Relief Efforts in Indonesia
On September 28th, 2018 Indonesia was hit with a 7.4 magnitude earthquake; three days later and as a consequence of the earthquake, a massive tsunami devastated the Central Sulawesi province in Indonesia. Palu and Donggala were amongst the areas worst hit in the province. On October 21st, 2018, the death toll sat at 2,113 people. In fact, the National Disaster Mitigation Agency spokesman, Sutopo Nugroho, stated that 1,300 people were reported missing, 223,751 people were displaced from their homes and communities and 4,612 were reported injured. Relief efforts in in Indonesia began almost immediately and are still underway today.

Need for Relief

Fall 2018 wasn’t the first time relief efforts in Indonesia have been needed. Back in 2004, the country faced another devastating tsunami, known famously as the “Boxing Day Tsunami” — the deadliest recorded tsunami in history. Indonesia geographically sits in the “Ring of Fire” — a horseshoe-like basin that sits in the pacific ocean — that is notorious for earthquakes and volcanic activity due to its high tectonic movement. As a result of this proximity, the country faces constant natural threats.

The government of Indonesia has accepted foreign aid in hopes of accelerating recovery and relief efforts. Twenty-six countries have reported to offer help, and different organizations have stepped in as well. Three of which are stated below:

The Australian Council for International Development

The Australian Council for International Development (ACFID) works closely with the Indonesian government and local partners to mobilize search-and-rescue and medical teams, and provide food, shelter and clean water.

ACFID has also made sure to create safe spaces for children — especially those missing parents and guardians. Keeping in mind the psychological effects of this disaster, the organization has offered psychosocial support to affected inhabitants.

Malteser International

Malteser International aids Indonesia by providing health facilities with medical equipment and medicine. The organization has made emergency funds available to help deliver relief materials.

Malteser International is dedicated to making sure that the affected have access to clean water in order to avoid the spread of disease. Unfortunately, the group finds it challenging to transport clean water to remote areas due to the destruction of roads and infrastructure.

The World Bank

The World Bank — perhaps offering the largest aid — has declared a $1 billion relief fund available to the Indonesian government. Based on scientific, economic and engineering analyses, the World Bank has estimated the physical loss in Sulawesi at $531 million with $181 million of that for residential housing, $185 million for nonresidential and $165 million for infrastructure.

The fund is piloted by a $5 million grant for technical assistance to ensure that the reconstruction is planned out and executed with efficiency and accuracy. It could offer cash transfers to 150,000 of the poorest families affected, which will support the local economy and employment levels during the recovery process.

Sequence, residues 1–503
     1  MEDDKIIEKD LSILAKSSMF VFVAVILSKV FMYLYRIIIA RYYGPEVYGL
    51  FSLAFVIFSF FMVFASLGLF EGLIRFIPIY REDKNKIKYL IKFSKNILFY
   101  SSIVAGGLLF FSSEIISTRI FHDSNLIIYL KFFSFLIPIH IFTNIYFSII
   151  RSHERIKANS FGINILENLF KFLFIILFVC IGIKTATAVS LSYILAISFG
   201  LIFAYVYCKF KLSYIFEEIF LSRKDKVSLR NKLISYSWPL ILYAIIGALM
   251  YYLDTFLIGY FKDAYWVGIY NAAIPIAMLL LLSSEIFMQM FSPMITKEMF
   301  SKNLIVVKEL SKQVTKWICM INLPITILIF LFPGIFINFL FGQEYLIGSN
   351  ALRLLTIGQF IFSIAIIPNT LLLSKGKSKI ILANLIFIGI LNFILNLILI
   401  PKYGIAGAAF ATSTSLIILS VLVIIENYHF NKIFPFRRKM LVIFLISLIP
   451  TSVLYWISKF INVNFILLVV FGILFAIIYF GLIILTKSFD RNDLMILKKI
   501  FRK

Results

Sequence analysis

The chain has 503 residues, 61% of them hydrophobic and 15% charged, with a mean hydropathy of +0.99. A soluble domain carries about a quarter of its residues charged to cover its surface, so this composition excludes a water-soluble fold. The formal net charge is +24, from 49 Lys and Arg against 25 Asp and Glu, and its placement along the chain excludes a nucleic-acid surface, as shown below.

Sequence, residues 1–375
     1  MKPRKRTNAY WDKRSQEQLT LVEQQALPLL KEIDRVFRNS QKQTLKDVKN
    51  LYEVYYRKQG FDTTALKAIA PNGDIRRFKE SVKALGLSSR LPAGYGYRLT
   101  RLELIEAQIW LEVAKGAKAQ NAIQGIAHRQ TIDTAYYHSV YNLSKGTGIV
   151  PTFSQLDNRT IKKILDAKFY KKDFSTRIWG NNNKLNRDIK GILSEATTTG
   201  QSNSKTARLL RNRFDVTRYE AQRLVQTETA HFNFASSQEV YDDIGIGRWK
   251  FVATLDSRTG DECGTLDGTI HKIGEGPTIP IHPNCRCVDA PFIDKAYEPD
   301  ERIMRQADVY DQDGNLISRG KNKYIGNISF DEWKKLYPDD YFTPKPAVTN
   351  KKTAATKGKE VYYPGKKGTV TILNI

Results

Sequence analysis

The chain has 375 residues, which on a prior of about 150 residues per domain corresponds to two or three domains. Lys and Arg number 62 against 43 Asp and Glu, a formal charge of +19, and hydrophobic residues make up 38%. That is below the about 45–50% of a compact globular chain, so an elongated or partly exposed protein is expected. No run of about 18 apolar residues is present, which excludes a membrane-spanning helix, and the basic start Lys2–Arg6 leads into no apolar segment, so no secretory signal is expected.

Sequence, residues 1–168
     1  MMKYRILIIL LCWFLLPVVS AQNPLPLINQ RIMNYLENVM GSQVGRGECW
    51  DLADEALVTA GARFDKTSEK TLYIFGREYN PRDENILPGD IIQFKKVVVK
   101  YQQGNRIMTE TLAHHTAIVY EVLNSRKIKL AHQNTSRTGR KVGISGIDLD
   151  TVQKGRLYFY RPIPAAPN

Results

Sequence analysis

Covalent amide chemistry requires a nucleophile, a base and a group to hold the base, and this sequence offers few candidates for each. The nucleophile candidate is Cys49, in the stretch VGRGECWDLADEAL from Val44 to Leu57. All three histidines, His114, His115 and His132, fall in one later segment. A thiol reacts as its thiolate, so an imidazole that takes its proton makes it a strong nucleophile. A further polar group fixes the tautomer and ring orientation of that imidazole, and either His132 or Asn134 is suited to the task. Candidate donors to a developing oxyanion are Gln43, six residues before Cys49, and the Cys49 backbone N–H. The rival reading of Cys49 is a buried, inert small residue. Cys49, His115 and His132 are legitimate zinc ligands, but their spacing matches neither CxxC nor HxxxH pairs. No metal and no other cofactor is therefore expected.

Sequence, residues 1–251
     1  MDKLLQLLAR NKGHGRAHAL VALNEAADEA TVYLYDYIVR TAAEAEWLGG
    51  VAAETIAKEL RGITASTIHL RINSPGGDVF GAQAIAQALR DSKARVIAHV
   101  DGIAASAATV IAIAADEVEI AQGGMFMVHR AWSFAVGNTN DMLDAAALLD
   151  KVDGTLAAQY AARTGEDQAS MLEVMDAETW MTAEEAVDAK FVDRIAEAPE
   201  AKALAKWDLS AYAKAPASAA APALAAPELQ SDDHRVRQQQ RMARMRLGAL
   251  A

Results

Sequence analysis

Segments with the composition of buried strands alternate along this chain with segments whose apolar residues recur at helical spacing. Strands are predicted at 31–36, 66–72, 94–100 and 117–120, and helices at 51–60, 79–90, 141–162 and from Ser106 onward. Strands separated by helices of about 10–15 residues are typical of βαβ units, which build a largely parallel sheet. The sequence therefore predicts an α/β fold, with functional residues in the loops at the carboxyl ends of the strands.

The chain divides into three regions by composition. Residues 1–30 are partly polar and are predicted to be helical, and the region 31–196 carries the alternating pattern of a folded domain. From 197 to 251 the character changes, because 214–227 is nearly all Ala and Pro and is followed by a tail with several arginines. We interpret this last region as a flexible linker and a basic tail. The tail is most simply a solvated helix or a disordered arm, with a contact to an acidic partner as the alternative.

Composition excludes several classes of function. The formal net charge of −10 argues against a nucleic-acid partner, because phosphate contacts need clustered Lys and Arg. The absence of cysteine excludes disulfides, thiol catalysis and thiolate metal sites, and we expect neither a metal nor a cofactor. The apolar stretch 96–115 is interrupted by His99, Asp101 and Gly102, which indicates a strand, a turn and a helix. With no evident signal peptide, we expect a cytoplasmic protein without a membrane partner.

The relief efforts in Indonesia are extensive, but the donations from these three organizations will go far in helping Indonesia get back on its feet and ensure that the inhabitants impacted by this natural disaster are taken care of safely and effectively.

– Mary Spindler

Photo: Pixabay

The Overlooked Issue of HIV Stigma
HIV is known as a widespread and dangerous disease. Discussions of possible solutions often focus on discovering more effective medical treatments. However, an overlooked factor in combating the disease is the stigma associated with HIV.

According to AVERT, in 35 percent of surveyed countries, more than 50 percent of people admitted to having a discriminatory attitude toward people who are HIV-positive.

HIV stigma exists for a number of reasons. Misconceptions about the methods of HIV transmission can lead people to falsely believe HIV-positive people are a direct danger to them. Some believe an HIV diagnosis is the result of immoral action or irresponsibility. And HIV stigma can have not only social consequences but medical consequences for patients as well. For example, on average one in eight people diagnosed with HIV is denied healthcare resources. Such findings are disturbing, considering that health care providers should be treating and reducing cases of HIV.

In an attempt to dodge the stigma , patients sometimes refuse HIV and tuberculosis testing for fear of positive results. Because an HIV diagnosis correlates to a greater risk of contracting tuberculosis, this stigma leads not only to reduced diagnoses of HIV but also to reduced diagnoses of tuberculosis. In 2015, one-third of HIV-related deaths were a result of tuberculosis.

Solutions to combat HIV stigma include educating the public and conducting awareness training for healthcare workers. Organizations such as Malteser International are training individuals to provide support to those in their communities who are HIV-positive. Lydiah Litunya, a Kenyan woman and HIV patient, used to try to hide her diagnosis to avoid HIV stigma. She managed to get treatment and after being trained by Malteser International, she dedicated herself to helping other HIV patients and reducing the stigma surrounding HIV. This kind of vocal advocacy is exactly what HIV patients around the globe need.

Edmond Kim

Photo: Flickr